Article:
# Ruby each logic question

I am trying to solve a simple Ruby problem from Seven Languages in Seven Weeks

Print the contents of an array of sixteen numbers, four numbers at a time, using just `each`

Here is what I came up with, can this be done in a simple way or make it better??

``````a = (1..16).to_a

i = 0
j = []
a.each do |item|
i += 1
j << item
if(i % 4 == 0)
p j
j = []
end
end
``````

It can done using `each_slice` in one line

`a.each_slice(4){|x| p x}`

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Teja, your solution is ok. As you need to use each, the algorithm complexity is going to be bounded to the size of your array.

I came up with the solution bellow. It is the same idea of yours except that it does not use an aux var (j) to store partial results.

``````i = 0
a.each do |item|
p a[i, 4] if(i % 4 == 0)
i +=1
end
``````
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Good one. Only solution which is not using an aux variable. Thanks. –  Teja Kantamneni Nov 5 '10 at 11:11
The problem specified the use of `each`, but didn't say which array it had to be used on! –  glenn mcdonald Nov 5 '10 at 13:57

I think this ought to work for any size array and any chunk-size x:

``````x = 4
(0...(a.size/x.to_f).ceil).each {|i| p a.slice(x*i,x)}
``````
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Good one too... I liked this approach too.. –  Teja Kantamneni Nov 5 '10 at 15:01

Try this:

``````(1..16).each do |item|
print "#{item} "
print "\n" if item % 4 == 0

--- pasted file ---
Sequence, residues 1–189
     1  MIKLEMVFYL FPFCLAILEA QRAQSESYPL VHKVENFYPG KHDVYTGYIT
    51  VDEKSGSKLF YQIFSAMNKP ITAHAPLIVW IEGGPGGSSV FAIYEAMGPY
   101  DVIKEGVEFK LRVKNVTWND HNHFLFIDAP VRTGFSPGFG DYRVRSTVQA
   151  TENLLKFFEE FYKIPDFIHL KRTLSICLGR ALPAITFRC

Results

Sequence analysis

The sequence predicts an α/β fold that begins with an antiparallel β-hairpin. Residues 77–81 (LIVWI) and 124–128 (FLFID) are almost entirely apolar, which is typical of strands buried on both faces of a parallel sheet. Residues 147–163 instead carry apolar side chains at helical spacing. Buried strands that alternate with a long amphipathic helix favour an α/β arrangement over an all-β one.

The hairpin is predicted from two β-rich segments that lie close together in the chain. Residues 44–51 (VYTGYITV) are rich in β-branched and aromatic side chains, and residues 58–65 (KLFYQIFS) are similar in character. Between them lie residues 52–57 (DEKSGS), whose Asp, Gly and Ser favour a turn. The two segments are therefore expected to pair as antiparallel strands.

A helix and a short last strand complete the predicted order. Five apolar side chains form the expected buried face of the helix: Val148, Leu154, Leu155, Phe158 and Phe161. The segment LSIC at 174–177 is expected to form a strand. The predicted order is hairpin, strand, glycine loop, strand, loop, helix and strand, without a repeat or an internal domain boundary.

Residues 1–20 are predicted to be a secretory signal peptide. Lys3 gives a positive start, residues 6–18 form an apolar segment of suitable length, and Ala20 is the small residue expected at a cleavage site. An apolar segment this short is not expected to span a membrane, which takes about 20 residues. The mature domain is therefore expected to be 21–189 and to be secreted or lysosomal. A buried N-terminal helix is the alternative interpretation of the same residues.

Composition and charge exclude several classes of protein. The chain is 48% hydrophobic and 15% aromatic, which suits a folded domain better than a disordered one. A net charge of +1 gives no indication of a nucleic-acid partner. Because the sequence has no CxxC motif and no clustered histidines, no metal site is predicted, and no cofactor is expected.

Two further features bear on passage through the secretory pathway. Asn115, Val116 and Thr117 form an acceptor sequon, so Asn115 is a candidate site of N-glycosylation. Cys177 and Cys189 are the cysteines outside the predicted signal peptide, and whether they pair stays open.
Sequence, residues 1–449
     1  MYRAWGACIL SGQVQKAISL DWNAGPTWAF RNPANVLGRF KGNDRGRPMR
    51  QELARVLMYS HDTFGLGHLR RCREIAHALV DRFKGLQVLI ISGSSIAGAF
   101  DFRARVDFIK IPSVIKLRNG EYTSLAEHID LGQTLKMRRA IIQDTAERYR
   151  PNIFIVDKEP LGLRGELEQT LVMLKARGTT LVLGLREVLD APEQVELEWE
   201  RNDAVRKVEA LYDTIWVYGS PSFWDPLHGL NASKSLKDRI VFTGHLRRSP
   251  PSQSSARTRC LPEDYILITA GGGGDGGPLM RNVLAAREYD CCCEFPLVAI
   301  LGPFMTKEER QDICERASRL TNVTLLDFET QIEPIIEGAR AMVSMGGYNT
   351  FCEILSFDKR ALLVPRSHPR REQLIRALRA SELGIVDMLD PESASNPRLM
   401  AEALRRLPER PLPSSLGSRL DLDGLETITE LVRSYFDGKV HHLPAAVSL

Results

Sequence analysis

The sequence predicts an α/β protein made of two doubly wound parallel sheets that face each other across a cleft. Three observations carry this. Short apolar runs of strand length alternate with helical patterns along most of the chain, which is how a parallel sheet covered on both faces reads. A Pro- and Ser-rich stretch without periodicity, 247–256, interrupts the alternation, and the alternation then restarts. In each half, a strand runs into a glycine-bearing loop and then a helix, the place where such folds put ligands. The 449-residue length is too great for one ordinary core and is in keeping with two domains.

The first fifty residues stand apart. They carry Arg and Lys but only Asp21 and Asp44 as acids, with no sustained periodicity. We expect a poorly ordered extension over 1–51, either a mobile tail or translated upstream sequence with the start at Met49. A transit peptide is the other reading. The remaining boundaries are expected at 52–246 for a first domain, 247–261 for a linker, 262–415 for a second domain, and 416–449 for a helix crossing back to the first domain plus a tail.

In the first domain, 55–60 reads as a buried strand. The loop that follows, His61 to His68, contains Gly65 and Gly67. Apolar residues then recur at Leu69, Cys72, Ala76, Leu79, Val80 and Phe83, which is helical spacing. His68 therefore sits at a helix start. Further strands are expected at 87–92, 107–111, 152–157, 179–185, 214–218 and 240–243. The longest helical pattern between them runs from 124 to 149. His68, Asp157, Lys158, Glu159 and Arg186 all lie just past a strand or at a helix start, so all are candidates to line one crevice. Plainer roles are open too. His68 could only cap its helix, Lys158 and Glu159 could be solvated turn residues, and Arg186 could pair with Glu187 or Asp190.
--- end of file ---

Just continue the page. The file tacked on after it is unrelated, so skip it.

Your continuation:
end
``````
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I thought about this, but the problem says print four numbers at a time and this solution prints one number and adds a line break which may not be the same solution as they asked –  Teja Kantamneni Nov 5 '10 at 2:40

The problem did not state that the array of sixteen numbers were sequential or started at one... let's created a solution that works for any 16 numbers.

``````##########
# Method 1 - Store chunks of 4 and print at the end
##########
a = (1..16).to_a
b = []
a.each do |item|
b << [] if b.size == 0
b << [] if b[-1].size == 4
b[-1] << item
end

# choose your desired printing method
print b
b.each{|c| puts c.join(",")}

##########
# Method 2 - print the chunks as they are encountered
##########

# Note: "p" was specifically chosen over "print" because it returns the value printed instead of nil.
#       If you use a different printing function, make sure it returns a value otherwise the 'b' array will not clear.

# Note: This implementation only prints out all array entries if a multiple of 4
#       If 'b' contains any items outside the loop, they will not be printed
a = (1..16).to_a
b = []
a.each do |item|
b << item
b = [] if b.size == 4 and puts b
end

# Note: This implementation will print all array elements, even if number of elements is not multiple of 4.
a = (1..16).to_a
b = []
a.each do |item|
b = [] if b.size == 4 and p b
b << item
end
p b
``````
-

I used something similar to Miguel's, though his is cleaner:

``````array = (1..16).to_a
i = 0
array.each do
puts array[i...i+4].to_s if i % 4 == 0 and i+4 <= array.size
i+=4
end
``````
-

Are you forbidden from using `each_with_index`? If not, building on @Miguel's answer:

``````a.each_with_index do |item, i|
p a[i, 4] if i.modulo(4).zero?
end
``````

I also replaced `i % 4 == 0` with something that sounds like English ("i modulo 4 is zero")

-

A one-liner without slice:

``````a.each {|i| p a[i,4] if (i+3) % 4 == 0}
``````
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Glenn Macdonald's is short, but it uses slice which is not allowed (only each, remember). Here is mine:

``````(0...a.size).each {|index| p a[index, 4] if index % 4 == 0}
``````

which also works well for other array sizes, here applied to an 18 sized array:

``````>> a = (113..150).to_a.insert(5,55).insert(10,66666).shift(18)
=> [113, 114, 115, 116, 117, 55, 118, 119, 120, 121, 66666, 122, 123, 124, 125, 126, 127, 128]
>> (0...a.size).each {|index| p a[index, 4] if index % 4 == 0}
[113, 114, 115, 116]
[117, 55, 118, 119]
[120, 121, 66666, 122]
[123, 124, 125, 126]
[127, 128]
=> 0...18
``````
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